Posts Tagged ‘Murder’

13th October
2011
written by Richard

Between two and four o’clock yesterday morning a woman named Maggie McCutcheon, whose sporting title is “Maggie Bangs,” was killed by pistol shot under circumstances that leave it somewhat of a mystery . . . –San Diego Union, June 19, 1881.

British "Bulldog" revolver

                                                              

The story of death in San Diego’s notorious “Stingaree” district: Maggie Bangs.

8th April
2011
written by Richard

Murray caught; on his way to San Diego. He gave up like a cuss. Terrible excitement. Parties have started out to catch and lynch him. Will keep them back all I can . . . Thomas Weller, deputy constable, July 1889.

A surprise telegram announcing the capture of an “assassin” came as a huge relief to all San Diegans. Only days before the county had been stunned by the slaying of Charles Wilson, the popular City Marshal of Oceanside. Now the “cold-blooded murderer from Texas”–as the newspapers called him–was in the hands of a posse and on his way to a jail cell in downtown San Diego.

The story of Killing the Marshal.

29th December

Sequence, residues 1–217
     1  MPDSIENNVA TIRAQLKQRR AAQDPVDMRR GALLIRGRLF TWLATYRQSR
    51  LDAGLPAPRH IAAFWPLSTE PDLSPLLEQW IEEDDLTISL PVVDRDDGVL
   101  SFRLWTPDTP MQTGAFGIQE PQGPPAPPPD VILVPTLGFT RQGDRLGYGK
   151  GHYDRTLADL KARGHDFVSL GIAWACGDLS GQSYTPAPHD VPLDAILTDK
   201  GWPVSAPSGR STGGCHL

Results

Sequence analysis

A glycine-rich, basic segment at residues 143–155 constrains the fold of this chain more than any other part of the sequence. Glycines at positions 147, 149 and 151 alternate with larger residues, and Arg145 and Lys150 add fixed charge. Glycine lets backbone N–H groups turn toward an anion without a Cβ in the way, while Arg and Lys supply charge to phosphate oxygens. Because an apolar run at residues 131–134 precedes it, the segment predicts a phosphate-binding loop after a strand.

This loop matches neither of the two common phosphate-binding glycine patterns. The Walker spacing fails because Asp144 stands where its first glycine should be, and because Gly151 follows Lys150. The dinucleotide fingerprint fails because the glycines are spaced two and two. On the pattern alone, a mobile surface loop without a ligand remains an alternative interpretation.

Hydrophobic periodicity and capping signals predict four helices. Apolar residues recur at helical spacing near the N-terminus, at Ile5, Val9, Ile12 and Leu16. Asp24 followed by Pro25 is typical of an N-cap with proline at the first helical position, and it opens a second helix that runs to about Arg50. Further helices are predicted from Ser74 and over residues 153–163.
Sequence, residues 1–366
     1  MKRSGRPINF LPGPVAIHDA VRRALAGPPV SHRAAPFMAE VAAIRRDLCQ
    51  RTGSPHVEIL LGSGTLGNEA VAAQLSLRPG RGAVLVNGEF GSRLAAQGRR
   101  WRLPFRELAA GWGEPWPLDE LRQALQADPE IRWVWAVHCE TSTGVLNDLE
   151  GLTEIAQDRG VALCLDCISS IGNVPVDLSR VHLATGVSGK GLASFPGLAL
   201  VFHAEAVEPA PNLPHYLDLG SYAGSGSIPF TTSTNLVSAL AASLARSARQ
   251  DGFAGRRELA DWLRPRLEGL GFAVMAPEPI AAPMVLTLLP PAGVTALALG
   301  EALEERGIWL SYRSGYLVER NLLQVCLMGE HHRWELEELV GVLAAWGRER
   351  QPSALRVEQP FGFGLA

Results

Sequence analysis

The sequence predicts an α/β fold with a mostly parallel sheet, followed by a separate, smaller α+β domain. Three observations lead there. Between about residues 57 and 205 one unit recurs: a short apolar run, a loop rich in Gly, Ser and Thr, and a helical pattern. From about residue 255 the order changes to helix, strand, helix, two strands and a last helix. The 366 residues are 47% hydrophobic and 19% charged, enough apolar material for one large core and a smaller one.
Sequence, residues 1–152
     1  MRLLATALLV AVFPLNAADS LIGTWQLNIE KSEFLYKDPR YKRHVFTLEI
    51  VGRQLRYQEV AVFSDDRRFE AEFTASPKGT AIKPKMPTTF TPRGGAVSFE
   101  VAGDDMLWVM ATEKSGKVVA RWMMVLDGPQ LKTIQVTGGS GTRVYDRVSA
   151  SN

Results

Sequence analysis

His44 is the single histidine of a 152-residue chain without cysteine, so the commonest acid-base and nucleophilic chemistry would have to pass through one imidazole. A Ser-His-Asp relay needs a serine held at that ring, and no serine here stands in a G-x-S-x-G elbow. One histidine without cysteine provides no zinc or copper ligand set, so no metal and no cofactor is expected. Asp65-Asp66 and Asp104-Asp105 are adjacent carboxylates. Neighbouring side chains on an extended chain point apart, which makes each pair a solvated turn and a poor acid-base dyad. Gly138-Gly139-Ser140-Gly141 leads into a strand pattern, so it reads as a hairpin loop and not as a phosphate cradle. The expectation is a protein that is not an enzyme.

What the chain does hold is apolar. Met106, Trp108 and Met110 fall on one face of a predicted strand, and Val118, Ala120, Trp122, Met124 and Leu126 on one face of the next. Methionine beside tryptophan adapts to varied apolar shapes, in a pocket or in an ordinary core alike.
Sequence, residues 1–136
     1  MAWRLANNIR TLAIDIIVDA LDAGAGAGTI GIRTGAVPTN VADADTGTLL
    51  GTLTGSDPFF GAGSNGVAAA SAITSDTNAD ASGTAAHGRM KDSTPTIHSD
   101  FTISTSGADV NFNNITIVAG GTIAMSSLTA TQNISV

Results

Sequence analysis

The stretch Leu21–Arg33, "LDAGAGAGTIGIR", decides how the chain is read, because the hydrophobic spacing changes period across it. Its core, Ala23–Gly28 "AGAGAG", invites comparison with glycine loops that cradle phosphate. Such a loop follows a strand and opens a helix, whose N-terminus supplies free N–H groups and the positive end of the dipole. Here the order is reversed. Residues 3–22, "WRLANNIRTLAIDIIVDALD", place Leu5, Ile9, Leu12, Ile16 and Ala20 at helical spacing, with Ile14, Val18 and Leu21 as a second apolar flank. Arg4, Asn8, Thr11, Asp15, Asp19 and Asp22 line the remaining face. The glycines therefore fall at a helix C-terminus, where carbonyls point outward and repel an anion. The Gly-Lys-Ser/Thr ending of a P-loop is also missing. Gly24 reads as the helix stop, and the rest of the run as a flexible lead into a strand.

2010
written by Richard

In a bold headline, the San Diego Union of May 21, 1907, announced a shocking crime: “P.S. SPARKMAN MURDERED AT RINCON.”   The English merchant from the tiny community at the foot of Palomar Mountain was a respected businessman, a well-known friend of the local Indians, and a peaceful man “never known to have a quarrel with anyone.”

Read the complete story of  The English Storekeeper at Rincon.

1st September
2010
written by Richard

Aeronautical genius or scam artist? Charles Toliver excited San Diegans in 1911 with his plans to build a gas-filled dirigible. Investors eagerly bought shares in the Toliver Aerial Navigation Company. But the project did not turn out as expected . . .

Read the complete story of the San Diego Airship.

Charles Toliver.

Charles Toliver.

29th July
2010
written by Richard

The notorious "Russian Mike"

In San Diego’s notorious “Stingaree” district of the 1890s, liquor and violence flowed freely in dozens of saloons south of H Street (Market).  One of the more disreputable dives was the Pacific Squadron Saloon on the corner of 4th and J streets, where a homicide involving alcohol, a cheap gun, and a character named “Russian Mike,” drew rapt attention from San Diegans in the spring of 1899.   Read the story of Russian Mike.